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Park Board to regulate swimming pool

File photo

The Mayor and Board of Aldermen handed over the responsibility for setting rules and regulations for the municipal swimming pool to the Park Board July 7, by amending Chapter 47 of the Code of Ordinances relative to regulations for the Jackson swimming pool.

In other action

• Meeting date change: The Monday, Sept. 6, meeting of the Mayor and Board of Aldermen was moved to Wednesday, Sept. 8, in observance of Labor Day.

• Niederkorn appointed: The Board approved the mayor’s appointment of Marybeth Niederkorn to the Historic Preservation Commission, filling an unexpired term ending in 2024.

• Liquor sales: The Board authorized the sale of intoxicating liquor, malt liquor (beer) and non-intoxicating beer at Oktoberfest, which will be held in Uptown Jackson Oct. 1-2, as requested by the Uptown Jackson Revitalization Organization.

• Ice cream social: The Board approved a resolution supporting the Missouri Bicentennial Ice Cream Social event to be held from 5 to 8 p.m. Tuesday, Aug. 10, on the old county courthouse lawn. (For more details, see the mayor’s column on page 5A.)

• Wastewater: The Board approved a $319,000 increase in expenditures to Horner and Shifrin, Inc., of St. Louis, to provide additional engineering work for the Wastewater Facility Plan Implementation Project.

• Asphalt: The Board accepted the $340,817 bid of Black Diamond, LLC, doing business as Paving Pros, LLC, of Oak Ridge, for work on the 2021 Asphalt Pavement Improvement Program. A contract was also authorized.

• Sewer project: The Board accepted the bid of $207,405.50 from CE Contracting and authorized a contract for work on the North Union Avenue and North Industrial Park Sanitary Sewer Project.

• Warranty deed: The Board accepted a general warranty deed from Jackson Industrial Development Company of Jackson for an 8.92-acre tract of land located at 2565 Industrial Drive.

• Abandonment of easements: During study session, the Board discussed abandoning an easement for a lift station and sanitary sewer force main in the Glendale Subdivision. That easement was no longer used by City after a gravity sewer main was built in 2005. This abandonment affects five property owners.

• COVID-19 time off: During study session, the City’s employee policy for sick leave was discussed. At a previous meeting, an employee’s spouse complained that it was unfair of the City to pay for COVID-19 time off if employees were vaccinated, but would not pay for their time off if they were unvaccinated.

Alderman David Hitt said he had reviewed the sick-leave policy of the City and “was very impressed” by it.

City employees can accumulate 90 days of sick leave. If they have a major issue, such as cancer, and use it all up, after six months without a sickness, they get all their accumulated sick leave back.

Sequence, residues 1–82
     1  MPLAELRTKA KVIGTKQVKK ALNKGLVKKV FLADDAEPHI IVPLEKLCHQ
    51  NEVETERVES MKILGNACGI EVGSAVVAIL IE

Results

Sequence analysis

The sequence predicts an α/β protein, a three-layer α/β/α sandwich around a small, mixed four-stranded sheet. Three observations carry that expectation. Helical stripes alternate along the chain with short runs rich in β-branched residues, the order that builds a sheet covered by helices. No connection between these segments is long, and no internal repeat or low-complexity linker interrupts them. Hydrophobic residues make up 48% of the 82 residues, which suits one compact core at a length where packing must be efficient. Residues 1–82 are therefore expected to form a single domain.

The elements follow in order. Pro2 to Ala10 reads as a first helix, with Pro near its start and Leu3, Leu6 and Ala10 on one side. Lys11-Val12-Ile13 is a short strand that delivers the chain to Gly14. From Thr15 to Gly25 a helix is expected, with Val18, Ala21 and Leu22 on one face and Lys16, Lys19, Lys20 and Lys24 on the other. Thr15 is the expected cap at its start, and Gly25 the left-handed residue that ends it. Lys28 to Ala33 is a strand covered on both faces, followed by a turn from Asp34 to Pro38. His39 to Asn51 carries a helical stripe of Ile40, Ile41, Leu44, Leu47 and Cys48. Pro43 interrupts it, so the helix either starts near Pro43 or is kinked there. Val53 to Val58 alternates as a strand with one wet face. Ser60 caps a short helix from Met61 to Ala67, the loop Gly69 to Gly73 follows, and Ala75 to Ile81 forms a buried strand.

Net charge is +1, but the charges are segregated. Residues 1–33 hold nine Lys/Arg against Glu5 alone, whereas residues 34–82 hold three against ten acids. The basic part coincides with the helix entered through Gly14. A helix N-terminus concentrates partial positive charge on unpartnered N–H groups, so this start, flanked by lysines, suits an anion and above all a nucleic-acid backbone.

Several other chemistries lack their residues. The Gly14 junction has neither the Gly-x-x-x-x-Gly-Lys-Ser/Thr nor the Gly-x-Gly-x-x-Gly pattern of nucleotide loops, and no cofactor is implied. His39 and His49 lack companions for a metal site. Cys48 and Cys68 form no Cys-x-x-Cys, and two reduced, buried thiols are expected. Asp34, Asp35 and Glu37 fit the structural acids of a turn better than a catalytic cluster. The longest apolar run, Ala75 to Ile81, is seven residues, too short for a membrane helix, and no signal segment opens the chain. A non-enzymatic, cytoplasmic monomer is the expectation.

During the pandemic, the federal government required employers to pay for sick leave for all COVID-19-related absences, up to 80 hours, but that mandate ended Dec. 31.

The City continued to carry that policy into this year but issued a notice to employees that a new policy would take effect July 1. The new policy is an attempt to phase out the federal mandate and return to the normal pre-COVID sick-leave policy.

The new policy states, “Effective July 1, 2021, any employee that has absences related to COVID that has received the vaccine will have their time covered by the City. For unvaccinated employes that have absences related to COVID, personal accumulated leave time will be used. Employees without accumulated leave time will be off without pay.”

The fact that Jackson will continue to cover COVID-related absences for vaccinated employees is a plus for those employees; it is being offered in addition to the City’s generous sick leave policy. “I don’t see that as a penalty for those who don’t get the shot; it’s a reward for those who want to work with the city and get the shot,” Hitt said.

“I think our sick leave policy is very strong,” Alderman Katy Liley agreed. She added that first year employees receive three days of emergency leave per occurrence if they have not accumulated sick leave. So if a first year employee had COVID-19, at least three days would be paid. If their child also contracted CO-VID-19 later as a separate occurrence, they would receive another three days of emergency leave.

“I think there is paid leave, it’s just not the 10-14 days that was agreed upon prior to Dec. 31,” she said.

• Internet tax revenue: City Attorney Tom Ludwig updated the Board on aspects of SB 153, the “Wayfair Bill” recently signed into law, that will tax Internet sales. If the City of Jackson wants to collect use tax from Internet sales, its citizens must approve the matter by passing a ballot measure.

The Board planned to discuss at its next meeting the proposed ballot language and try to get a projection of how much tax revenue Jackson could collect if voters approve the measure.

• Municipal court costs: City Attorney Tom Ludwig also updated the Board on proposed amendments to Chapter 53 of the Code of ordinances regarding changes to court costs.

Gregory Dullum has worked for The Cash-Book Journal for more than 25 years. Prior to becoming the editor in May 2017, he was production manager, circulation manager and reporter. Before moving to Cape Girardeau in 1988, he was editor of the Saint Louis Park Sailor, a weekly community newspaper in suburban Minneapolis, MN. A native of Minnesota, he returned there after graduating with distinction in 1978 from Ambassador College in Pasadena, CA, with a degree in mass communications. His wife, Marie, whom he met in college, is a native of Zalma, a small town in southeast Missouri. They have two grown daughters and five grandchildren. Gregory may be reached at cashbook@mvp.net.

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